You just need to read the lede on Jennifer Brown’s story to get a sense of just how easy it is for teenagers to vape, even in class with the right technique. But for cities around Colorado, attempts to take regulation of cigarette and tobacco licenses into their own hands to prevent teens getting access to nicotine is unearthing a legislative relic from Big Tobacco’s heyday.

>> Read Jennifer Brown’s story, and learn how “popcorn lung” relates to vaping, here.


Nothing but green lights for some drivers in Lakewood as new V2x technology debuts

If you’re in the right car (certain Audis and BMWs, for now) in the right city (Lakewood, for now) your car will be able to tell you exactly what speed to maintain to hit a “green wave” of lights, thanks to the latest incarnation of Vehicle-to-Everything communication. “But wait,” I hear you say, “what if I can’t afford an Audi or I’m trying to drive less to save the climate?”  As Tamara Chuang writes, the green wave is just one feature in an overall smarter traffic system — coming to more car manufacturers — designed to adjust on the fly to reduce the time that all cars on the road (not just the fancy ones) spend idling and to give pedestrians safer places to walk.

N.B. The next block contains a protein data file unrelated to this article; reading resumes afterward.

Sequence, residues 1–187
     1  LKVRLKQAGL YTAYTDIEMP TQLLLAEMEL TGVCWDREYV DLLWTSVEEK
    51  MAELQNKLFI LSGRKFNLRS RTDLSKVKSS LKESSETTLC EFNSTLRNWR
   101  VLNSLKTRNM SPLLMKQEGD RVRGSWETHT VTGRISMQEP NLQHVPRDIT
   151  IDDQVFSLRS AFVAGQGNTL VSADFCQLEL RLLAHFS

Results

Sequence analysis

>> Read more about the system, including what other Colorado cities have it in the works, here.

More from The Sun


// The Bustang, the Wi-Fi-equipped bus connecting the Front Range and the High Country, is hugely popular. (It’s almost as if when you build quality public transportation that actually goes where people want to go, people use it. What a concept!) One problem: It can’t find enough bus drivers. // The Denver Post

// Meanwhile, there’s another shortage affecting transportation in Colorado: We just don’t have enough mechanics. // KDVR

// It’s good to be a baby in Colorado. // Chalkbeat Colorado

// David Migoya’s “Shrouded Justice” project — about the thousands of cases hidden from the public on judge’s orders —  is a finalist for the “Distinguished Service to the First Amendment” category at the Scripps Howard Awards. // The Denver Post, PR Newswire

// Outside Magazine’s “David Bernhardt Scandal Tracker” has 12 scandals and counting for the Colorado native nominated to be the Trump administration’s Interior secretary. // Outside Magazine

// I was a football player, (briefly) a basketball player and a hardcore trackster during my high school prep career. But I probably would have dropped football in a heartbeat if I’d had the opportunity to join a high school bowling or boys volleyball team like some future Colorado athletes will. // CHSAA Now